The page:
Argentina's Alexis Mac Allister celebrates putting his team into the lead against Poland
Doha (AFP) - Lionel Messi’s Argentina booked their place in the last 16 of the World Cup on Wednesday with a 2-0 victory over Poland as Australia reached the knockout rounds for just the second time in their history.
Two-time former champions Argentina advanced after goals from Alexis Mac Allister and Julian Alvarez sealed victory over Poland in Group C while Australia sent sorry Denmark crashing out with a 1-0 victory in Group D.
Argentina – who suffered a stunning defeat to Saudi Arabia in their opening game – ensured they qualified for the second round as group winners in a game in which captain Messi missed the 31st penalty of his career.
“We went out there thinking we had to win,” said Messi, who added that missing his spot-kick had galvanised his teammates.
“I’m angry at missing that penalty but the team came out stronger after my mistake,” he said. “We knew that once the first goal went in it would change the game.”
Messi said Argentina, who will meet Australia in the next round, could not take progress to the quarter-finals for granted.
“The game against Australia will be difficult – anyone can beat anyone,” he added. “It’s very even. We have to prepare for the game in the best way, as always.”
The final round of games in Group C got under way with all four teams – Argentina, Poland, Mexico and Saudi Arabia – in the hunt for the last 16.
Despite losing to Argentina, Poland squeaked into second place, edging out Mexico – 2-1 winners over Saudi Arabia – on goal difference.
For long periods of a nail-biting evening it looked as if Poland’s tally of fewer yellow cards would secure their place in the last 16.
But a goal in the fifth minute of injury time by Saudi Arabia’s Salem Al-Dawsari against Mexico gave Poland a slender one-goal advantage on goal difference – and a place in the second round.
Saudi Arabia’s defeat sealed a disappointing exit for the Asian minnows, who had electrified the opening days of the tournament with their shock opening win over Argentina.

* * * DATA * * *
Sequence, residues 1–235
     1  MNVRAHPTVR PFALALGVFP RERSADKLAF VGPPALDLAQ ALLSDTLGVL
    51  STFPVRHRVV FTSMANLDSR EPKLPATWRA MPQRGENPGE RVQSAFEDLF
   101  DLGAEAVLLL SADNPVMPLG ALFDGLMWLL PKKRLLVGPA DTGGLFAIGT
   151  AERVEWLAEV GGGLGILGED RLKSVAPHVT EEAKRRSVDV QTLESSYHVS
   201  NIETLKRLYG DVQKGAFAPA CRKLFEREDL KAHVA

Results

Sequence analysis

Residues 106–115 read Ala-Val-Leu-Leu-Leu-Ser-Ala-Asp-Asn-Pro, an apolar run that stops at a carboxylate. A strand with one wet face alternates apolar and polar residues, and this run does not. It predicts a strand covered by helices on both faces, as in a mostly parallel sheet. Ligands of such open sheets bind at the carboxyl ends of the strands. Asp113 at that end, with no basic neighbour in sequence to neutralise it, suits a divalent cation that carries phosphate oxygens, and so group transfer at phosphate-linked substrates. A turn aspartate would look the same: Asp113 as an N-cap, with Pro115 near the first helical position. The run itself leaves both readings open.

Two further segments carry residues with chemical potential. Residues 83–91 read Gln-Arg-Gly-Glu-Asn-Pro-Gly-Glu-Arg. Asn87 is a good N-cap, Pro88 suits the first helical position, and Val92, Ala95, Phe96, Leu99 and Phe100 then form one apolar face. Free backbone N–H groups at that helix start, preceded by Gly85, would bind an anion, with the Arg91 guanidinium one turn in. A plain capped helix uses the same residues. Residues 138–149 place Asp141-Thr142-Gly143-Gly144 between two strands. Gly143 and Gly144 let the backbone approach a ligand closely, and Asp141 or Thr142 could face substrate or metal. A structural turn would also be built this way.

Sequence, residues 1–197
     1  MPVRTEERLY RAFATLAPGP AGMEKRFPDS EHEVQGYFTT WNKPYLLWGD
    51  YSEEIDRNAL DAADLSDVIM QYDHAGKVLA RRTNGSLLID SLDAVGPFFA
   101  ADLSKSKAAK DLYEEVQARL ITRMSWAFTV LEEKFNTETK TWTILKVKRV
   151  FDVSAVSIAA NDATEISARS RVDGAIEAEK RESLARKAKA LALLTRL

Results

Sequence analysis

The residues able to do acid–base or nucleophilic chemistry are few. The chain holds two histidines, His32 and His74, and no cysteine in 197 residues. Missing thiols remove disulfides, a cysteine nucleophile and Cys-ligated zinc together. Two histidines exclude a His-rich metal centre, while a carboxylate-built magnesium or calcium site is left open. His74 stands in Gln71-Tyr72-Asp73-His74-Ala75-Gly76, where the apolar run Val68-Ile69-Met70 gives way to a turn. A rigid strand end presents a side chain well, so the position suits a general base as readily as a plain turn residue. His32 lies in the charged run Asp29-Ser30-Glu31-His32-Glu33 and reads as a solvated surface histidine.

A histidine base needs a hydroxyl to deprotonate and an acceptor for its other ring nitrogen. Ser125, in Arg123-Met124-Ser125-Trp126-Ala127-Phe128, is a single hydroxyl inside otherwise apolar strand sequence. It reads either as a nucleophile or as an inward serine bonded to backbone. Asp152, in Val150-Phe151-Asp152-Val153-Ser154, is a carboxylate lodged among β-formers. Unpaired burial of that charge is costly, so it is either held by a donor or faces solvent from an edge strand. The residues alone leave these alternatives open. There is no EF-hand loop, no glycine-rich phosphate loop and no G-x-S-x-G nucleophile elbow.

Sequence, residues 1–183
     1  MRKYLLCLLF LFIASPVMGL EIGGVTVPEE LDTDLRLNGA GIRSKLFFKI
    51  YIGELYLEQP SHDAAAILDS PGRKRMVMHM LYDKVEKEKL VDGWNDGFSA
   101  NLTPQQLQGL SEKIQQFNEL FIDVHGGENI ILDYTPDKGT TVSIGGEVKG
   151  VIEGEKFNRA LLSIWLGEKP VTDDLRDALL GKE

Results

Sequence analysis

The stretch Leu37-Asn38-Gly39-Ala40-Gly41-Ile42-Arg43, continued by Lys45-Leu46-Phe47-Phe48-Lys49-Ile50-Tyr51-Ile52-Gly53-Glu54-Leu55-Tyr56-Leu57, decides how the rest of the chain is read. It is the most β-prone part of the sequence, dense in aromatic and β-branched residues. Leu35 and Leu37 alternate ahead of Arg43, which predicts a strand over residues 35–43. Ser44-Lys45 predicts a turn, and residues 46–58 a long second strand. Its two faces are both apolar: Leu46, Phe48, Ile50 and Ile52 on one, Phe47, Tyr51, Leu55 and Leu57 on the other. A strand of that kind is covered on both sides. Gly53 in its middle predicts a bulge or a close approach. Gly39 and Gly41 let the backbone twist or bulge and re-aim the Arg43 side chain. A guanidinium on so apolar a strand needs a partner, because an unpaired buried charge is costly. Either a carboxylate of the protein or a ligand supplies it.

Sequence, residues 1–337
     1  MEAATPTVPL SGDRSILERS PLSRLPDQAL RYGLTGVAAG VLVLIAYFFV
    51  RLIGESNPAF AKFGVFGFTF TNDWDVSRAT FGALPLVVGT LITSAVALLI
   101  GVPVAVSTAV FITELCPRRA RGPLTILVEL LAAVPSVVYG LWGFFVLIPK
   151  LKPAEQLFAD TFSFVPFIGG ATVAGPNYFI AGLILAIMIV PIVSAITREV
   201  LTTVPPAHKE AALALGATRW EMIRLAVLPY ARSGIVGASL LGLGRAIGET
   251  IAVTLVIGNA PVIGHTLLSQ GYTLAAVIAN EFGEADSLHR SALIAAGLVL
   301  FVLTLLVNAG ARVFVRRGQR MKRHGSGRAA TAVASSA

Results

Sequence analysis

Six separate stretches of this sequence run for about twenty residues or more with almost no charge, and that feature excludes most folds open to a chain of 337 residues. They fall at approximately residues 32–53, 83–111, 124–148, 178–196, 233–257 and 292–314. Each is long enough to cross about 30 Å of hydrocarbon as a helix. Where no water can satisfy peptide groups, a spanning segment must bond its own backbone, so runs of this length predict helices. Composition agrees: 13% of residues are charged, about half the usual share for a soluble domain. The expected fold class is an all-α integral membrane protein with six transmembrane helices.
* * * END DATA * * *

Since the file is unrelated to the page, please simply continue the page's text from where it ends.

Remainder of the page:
Poland will take on Group D winners France in their last 16 match.
- ‘A lot of belief’ -
Australia's forward Mathew Leckie celebrates the goal that fired his team into the World Cup last 16
Australia reached the knockouts for the first time since the 2006 World Cup thanks to Mathew Leckie’s superb 60th-minute goal dispatched Denmark.
A second-string France side – already virtually assured of top spot – suffered a 1-0 loss to Tunisia.
Australia coach Graham Arnold said he was “just so proud of the effort by the boys”.
“It was a short turnaround but their effort was incredible. A lot of belief, a lot of hard work,” he added.
“These boys came in with a great mindset. We’ve been working on this for four, four-and-a-half years about the belief, the energy and the focus. I could see in their eyes they were ready tonight.”
After two wins out two, France were already assured of a place in the knockout round at kickoff so coach Didier Deschamps made nine changes to his starting line-up to play Tunisia, leaving stars including Kylian Mbappe among the substitutes.
Tunisia stunned the holders when captain Wahbi Khazri stretched to poke the ball past French goalkeeper Steve Mandanda in the 58th minute at the Education City Stadium.
Deschamps responded by sending on five substitutes, including Mbappe and Antoine Griezmann.
Tunisia stood firm but Griezmann finally had the ball in the net eight minutes into added-on time, driving in a shot through a crowd of defenders.
But just when France thought they had salvaged a point, New Zealand referee Matthew Conger was called over to the VAR monitor and ruled the goal out for offside.
The north Africans’ supporters counted down the final seconds to a famous victory over France that eased the pain of elimination.
“They still had top-class players out there but we were superb and I think the result is down to us,” Tunisia goalscorer Khazri said.
“Unfortunately in football it is better not to have to rely on others for results, but we can go out with our heads held high.”